Colleges and universities realize they have much to learn from the world of work.
In a column published in Inside Higher Ed on June 25, JFF CEO Maria Flynn argues that colleges that are redesigning and reimagining their curricula to better prepare students for the ever-evolving world of work may find inspiration from an expected place: corporations.
She points out that many employers harbor doubts about the ability of colleges to produce graduates who are prepared to embark on careers and are therefore taking it upon themselves to offer employees ongoing training and education opportunities. Following that lead, some colleges have begun building the kinds of programs companies offer busy workers—flexible short-term courses focused on developing specific in-demand technical skills.
The need for a new approach to postsecondary education is especially urgent now, when colleges are expected to help Americans get back to work amid the economic crisis triggered by the COVID-19 pandemic, she adds.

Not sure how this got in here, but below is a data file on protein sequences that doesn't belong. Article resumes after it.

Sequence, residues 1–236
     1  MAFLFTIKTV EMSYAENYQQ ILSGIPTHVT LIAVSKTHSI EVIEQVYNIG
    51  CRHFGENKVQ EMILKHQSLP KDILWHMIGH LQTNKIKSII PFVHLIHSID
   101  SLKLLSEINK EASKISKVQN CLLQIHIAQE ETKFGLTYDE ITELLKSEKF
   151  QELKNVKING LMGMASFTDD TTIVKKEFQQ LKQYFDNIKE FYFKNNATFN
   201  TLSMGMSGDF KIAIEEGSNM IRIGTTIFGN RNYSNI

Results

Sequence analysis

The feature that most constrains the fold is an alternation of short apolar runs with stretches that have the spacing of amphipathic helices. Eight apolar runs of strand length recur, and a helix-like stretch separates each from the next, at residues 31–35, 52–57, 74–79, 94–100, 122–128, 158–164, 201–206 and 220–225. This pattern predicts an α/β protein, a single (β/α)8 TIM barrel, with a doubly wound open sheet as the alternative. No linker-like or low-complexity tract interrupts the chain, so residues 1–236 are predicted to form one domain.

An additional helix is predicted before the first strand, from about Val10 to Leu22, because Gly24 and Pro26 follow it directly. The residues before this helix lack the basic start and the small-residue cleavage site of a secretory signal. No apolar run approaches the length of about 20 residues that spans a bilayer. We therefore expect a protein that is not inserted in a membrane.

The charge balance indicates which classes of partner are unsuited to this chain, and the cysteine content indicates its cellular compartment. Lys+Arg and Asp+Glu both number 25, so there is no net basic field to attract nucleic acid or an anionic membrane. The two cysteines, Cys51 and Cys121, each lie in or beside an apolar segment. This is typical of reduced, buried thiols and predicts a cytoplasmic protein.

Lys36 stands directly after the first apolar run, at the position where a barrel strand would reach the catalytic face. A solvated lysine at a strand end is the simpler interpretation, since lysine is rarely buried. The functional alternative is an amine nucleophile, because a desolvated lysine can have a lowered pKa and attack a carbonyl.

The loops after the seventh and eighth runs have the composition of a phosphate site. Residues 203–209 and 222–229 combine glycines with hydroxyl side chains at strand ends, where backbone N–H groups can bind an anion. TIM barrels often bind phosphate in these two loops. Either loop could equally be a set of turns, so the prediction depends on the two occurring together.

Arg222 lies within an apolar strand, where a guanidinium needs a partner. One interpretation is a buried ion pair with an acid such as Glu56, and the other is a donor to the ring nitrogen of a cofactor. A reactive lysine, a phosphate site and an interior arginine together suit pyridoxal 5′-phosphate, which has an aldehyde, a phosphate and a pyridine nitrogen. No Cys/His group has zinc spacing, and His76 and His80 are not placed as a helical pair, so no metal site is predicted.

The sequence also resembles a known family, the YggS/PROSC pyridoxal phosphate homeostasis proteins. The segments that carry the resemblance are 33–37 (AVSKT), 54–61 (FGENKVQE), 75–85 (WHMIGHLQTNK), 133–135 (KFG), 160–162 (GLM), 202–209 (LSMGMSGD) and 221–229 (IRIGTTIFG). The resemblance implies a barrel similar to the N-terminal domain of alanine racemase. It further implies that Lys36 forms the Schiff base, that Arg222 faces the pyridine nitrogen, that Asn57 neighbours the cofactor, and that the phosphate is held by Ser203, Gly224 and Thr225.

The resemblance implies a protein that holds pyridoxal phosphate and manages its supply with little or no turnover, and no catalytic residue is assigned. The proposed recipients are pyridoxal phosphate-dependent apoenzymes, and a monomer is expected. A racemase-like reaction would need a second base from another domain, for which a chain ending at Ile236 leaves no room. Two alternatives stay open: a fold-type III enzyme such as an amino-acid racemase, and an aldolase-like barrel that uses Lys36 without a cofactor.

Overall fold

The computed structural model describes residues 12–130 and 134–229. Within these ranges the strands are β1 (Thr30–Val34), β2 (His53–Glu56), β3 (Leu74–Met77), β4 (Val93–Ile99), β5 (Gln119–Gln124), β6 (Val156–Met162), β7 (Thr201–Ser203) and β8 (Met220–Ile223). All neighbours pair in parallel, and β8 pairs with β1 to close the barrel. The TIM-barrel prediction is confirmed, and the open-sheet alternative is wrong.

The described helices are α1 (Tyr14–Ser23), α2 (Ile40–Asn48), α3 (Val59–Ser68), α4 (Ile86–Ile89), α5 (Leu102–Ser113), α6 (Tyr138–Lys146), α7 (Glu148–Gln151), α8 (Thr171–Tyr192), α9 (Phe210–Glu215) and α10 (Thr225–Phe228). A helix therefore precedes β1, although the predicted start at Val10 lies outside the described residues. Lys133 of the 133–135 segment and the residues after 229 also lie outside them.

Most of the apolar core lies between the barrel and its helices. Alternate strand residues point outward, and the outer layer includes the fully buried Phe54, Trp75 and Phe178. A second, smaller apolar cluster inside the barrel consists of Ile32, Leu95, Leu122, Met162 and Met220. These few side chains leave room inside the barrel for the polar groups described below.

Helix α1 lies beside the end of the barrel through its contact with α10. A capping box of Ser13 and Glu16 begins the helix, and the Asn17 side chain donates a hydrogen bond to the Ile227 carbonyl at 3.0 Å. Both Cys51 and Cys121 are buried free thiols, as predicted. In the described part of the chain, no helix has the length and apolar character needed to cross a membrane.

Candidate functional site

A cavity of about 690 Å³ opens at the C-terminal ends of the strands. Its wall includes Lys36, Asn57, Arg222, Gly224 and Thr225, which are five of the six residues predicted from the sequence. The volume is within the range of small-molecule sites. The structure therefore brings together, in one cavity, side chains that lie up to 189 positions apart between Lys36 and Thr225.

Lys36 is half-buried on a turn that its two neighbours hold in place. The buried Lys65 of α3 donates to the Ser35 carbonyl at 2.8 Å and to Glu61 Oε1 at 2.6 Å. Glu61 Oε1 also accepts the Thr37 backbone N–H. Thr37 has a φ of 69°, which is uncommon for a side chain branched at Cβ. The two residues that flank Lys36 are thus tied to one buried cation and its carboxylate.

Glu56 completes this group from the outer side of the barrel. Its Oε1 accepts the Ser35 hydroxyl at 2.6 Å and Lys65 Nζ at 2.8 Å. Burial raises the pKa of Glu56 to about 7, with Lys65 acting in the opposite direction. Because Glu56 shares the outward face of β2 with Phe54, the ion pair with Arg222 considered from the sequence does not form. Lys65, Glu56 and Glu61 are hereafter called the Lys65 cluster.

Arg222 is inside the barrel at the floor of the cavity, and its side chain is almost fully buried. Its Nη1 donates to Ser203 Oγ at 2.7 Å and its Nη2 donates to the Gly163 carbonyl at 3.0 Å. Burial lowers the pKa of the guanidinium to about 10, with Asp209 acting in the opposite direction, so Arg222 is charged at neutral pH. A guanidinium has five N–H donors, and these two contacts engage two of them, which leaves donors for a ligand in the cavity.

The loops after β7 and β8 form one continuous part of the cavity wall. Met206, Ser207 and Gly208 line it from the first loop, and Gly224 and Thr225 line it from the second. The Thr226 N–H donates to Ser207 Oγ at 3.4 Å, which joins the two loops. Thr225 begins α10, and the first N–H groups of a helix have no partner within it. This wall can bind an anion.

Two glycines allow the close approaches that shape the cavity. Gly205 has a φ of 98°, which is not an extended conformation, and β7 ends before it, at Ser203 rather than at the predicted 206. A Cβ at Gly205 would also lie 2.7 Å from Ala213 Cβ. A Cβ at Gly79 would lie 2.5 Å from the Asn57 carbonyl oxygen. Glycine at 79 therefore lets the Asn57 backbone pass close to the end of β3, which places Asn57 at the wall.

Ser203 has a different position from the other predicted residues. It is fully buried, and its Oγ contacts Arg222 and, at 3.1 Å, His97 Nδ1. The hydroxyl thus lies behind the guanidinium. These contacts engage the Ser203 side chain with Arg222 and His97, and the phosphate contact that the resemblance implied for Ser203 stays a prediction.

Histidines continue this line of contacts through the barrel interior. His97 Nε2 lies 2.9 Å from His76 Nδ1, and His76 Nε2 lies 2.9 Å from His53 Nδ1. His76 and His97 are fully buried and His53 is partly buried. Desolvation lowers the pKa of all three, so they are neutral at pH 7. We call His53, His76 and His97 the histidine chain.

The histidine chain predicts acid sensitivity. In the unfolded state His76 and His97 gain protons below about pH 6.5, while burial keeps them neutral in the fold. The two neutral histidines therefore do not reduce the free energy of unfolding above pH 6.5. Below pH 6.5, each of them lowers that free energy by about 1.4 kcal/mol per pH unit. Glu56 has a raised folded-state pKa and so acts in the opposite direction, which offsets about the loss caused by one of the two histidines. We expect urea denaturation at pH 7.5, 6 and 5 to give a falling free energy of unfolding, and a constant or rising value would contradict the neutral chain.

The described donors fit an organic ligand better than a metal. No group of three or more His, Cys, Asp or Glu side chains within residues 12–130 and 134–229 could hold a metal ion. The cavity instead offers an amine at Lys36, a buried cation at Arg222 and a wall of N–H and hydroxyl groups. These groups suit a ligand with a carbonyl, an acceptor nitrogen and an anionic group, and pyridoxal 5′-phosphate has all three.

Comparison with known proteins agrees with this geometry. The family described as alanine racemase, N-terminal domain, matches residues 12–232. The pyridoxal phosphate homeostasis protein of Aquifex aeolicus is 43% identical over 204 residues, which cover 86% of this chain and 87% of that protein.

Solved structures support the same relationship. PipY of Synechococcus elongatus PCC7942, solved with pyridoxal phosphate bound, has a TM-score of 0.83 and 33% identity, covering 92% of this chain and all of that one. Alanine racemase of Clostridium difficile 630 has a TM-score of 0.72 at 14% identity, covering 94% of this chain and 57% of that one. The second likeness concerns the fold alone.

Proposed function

Flynn opens her column with the stark observation that “the stunning events of the last two months have injected immediate urgency for institutions to address the imperative of employability.” However, she concludes with a note of optimism, pointing out that as we “navigate a landscape that has been dramatically altered by COVID-19 . . . more colleges and universities realize they have much to learn from the world of work.”